14. #14
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    Jun. 7, 2006
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    9,356



  15. #15
    Join Date
    Apr. 1, 2003
    Location
    Cocoa, Fla
    Posts
    4,313

    Default

    When posting open elbows as you rise, close as you sit.

    When sitting trot - allow elbows forward as your hips/belly come back, bring elbows back as your hips/belly go forward.
    Sandy in Fla.



  16. #16
    Join Date
    May. 25, 2000
    Location
    Maitland, Ontario CANADA
    Posts
    317

    Default

    Watch a potter at work on the wheel. Or better yet, take a few pottery lessons.

    Liz
    Liz Steacie
    Porcupine Hill Dressage
    Maitland, Ontario

    http://www.porcupinehill.com



  17. #17
    Join Date
    Jul. 6, 2005
    Posts
    1,140

    Default

    Quote Originally Posted by Nelzeagle View Post
    Think of being a human bungee cord - tension yet having some give.
    Quote Originally Posted by InsideLeg2OutsideRein View Post
    What works for me is: Feel like your elbows are coming directly out of your back.
    These two resonated with me. I think of a rubberband from the right wrist, up my arm, across my back, to my left wrist. Attached to each wrist is a hard hook, which is my hands - hard hands (so my fingers don't open & play out the reins) but soft arms that connect behind my back (and that's what stretches when the horse reaches forward & down). Also, the rubber band over my back also keeps my darned shoulderblades flat & not breaking into chicken wings!

    So as a rider, hard hands (fingers don't open, don't pull, don't jerk) & soft arms-back so if the horse nods, the arm goes forward & when the horse's head rises, the elbow naturally bends more as it follows. Your arms are the sidereins (with the rubber rings). You receive information from the horse through them, but when it is your turn to "talk" your hands don't change . . . your seat & legs do.
    Hidden Echo Farm, Carlisle, PA -- home of JC palomino sire Canadian Kid (1990 - 2013) & AQHA sire Lark's Favorite, son of Rugged Lark.



  18. #18
    Join Date
    Feb. 7, 2007
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    1,411

    Default

    I remember someone (a BNT) saying that your hands and forearms belong to the horse and your back and upper arms belong to you. That just worked for me. I want to be kind to my horse and just thinking about how my wrists and forearms feel in his mouth (vivid image of bit against his tongue, bars and corner of his lips) makes me stop whatever I'm doing and soften.

    It's similar to the "ride with your elbows" that someone else said; just a little more literal.



  19. #19
    Join Date
    Nov. 20, 2009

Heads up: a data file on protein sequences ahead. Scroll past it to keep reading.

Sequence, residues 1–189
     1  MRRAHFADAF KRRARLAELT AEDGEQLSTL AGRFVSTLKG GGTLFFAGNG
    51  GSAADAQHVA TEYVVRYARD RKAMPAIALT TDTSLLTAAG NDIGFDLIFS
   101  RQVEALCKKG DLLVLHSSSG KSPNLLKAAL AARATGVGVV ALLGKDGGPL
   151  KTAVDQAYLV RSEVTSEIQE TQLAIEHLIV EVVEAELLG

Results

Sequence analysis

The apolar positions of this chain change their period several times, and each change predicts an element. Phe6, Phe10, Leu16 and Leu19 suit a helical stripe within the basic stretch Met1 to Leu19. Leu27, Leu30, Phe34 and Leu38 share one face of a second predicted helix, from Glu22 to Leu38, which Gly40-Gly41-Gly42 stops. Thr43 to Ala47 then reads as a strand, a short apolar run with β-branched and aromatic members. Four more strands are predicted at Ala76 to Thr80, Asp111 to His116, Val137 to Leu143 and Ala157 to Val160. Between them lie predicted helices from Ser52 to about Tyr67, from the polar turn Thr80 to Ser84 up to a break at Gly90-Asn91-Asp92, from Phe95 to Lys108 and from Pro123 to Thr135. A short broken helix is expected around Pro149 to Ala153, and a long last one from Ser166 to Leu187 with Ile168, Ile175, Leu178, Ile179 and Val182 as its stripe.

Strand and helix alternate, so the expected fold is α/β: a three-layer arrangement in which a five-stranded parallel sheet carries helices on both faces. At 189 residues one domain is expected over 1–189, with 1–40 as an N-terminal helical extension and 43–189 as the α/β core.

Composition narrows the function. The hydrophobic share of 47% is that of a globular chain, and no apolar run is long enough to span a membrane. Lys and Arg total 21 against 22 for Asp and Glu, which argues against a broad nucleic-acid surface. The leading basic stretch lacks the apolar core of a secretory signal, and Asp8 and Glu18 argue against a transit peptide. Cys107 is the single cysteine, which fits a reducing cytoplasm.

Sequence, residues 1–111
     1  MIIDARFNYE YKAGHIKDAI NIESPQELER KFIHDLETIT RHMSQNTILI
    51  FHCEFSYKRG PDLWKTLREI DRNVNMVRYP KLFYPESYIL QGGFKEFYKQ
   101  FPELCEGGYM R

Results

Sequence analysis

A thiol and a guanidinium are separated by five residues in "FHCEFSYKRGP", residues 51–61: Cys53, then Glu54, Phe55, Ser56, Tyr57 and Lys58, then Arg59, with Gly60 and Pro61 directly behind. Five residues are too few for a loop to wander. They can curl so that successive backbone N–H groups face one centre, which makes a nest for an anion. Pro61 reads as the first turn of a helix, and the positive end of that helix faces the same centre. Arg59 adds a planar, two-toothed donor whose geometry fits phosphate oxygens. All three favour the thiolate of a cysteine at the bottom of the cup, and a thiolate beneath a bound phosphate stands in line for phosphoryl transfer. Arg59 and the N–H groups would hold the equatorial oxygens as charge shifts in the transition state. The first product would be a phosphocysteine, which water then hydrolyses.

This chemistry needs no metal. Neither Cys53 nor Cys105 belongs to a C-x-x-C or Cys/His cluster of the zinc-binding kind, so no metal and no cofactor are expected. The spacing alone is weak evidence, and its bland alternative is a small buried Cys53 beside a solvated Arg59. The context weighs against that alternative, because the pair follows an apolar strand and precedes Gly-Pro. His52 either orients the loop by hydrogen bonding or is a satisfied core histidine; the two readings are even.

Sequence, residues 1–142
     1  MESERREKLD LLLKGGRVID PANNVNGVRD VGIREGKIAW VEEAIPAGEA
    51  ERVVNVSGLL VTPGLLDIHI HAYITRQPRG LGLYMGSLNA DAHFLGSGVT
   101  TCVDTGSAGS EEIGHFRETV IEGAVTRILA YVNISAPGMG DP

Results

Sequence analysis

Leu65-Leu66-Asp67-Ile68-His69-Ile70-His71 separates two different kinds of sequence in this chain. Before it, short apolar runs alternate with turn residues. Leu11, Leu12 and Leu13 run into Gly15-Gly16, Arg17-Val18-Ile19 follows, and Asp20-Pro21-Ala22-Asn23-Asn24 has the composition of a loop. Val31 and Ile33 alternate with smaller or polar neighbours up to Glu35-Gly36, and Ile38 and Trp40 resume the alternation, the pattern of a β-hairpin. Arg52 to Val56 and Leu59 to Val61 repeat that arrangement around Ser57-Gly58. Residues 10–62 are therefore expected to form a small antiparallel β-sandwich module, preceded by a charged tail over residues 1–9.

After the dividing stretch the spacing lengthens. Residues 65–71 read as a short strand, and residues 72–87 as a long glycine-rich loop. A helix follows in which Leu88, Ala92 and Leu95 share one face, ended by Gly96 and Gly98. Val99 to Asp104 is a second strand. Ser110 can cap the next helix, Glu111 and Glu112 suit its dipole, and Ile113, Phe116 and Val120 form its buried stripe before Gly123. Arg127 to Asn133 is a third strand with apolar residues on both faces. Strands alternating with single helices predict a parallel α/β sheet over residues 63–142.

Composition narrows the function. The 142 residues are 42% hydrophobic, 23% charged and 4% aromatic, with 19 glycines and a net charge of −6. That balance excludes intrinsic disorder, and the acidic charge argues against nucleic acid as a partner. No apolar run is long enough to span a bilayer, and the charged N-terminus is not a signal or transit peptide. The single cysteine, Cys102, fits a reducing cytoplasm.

Location
    Chapel Hill, NC
    Posts
    146

    Default

    I have the rider grip the reins. Then I take hold of the reins about 8 inches from the bit. I pull and give the rein like an exaggeration of the horse's head moving. I have the rider pull about one pond of pressure on the rein. When their elbows and arms expand and contract enough that the contact follows the "movement" and doesn't change from one pound of pressure to anything else, They start to feel how they need to move to keep positive contact. I'll pop in a couple of quick moves just to see if the rider can absorb the movement without the pressure changing or loops being created in the reins.

    Sometimes you can give analogies until you are blue in the face. Feeling something often works better.



  20. #20
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    Jul. 17, 2007
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    Landrum, SC
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    Default

    Quote Originally Posted by allison finch View Post
    I have the rider grip the reins. Then I take hold of the reins about 8 inches from the bit. I pull and give the rein like an exaggeration of the horse's head moving. I have the rider pull about one pond of pressure on the rein. When their elbows and arms expand and contract enough that the contact follows the "movement" and doesn't change from one pound of pressure to anything else, They start to feel how they need to move to keep positive contact. I'll pop in a couple of quick moves just to see if the rider can absorb the movement without the pressure changing or loops being created in the reins.

    Sometimes you can give analogies until you are blue in the face. Feeling something often works better.
    I do the same thing with riders who are stiff. Taking one end of the reins allows you to feel what they're doing ("Show me how much pressure you normally have in your hands.") and allows you to then talk them through to a giving/breathing contact ("Relax your arms a bit... more, more... there!") And of course you can use the same technique to teach someone to feel steady contact when they're "afraid" to take it.
    Athletic Horses. Educated Riders.
    www.Ride-With-Confidence.com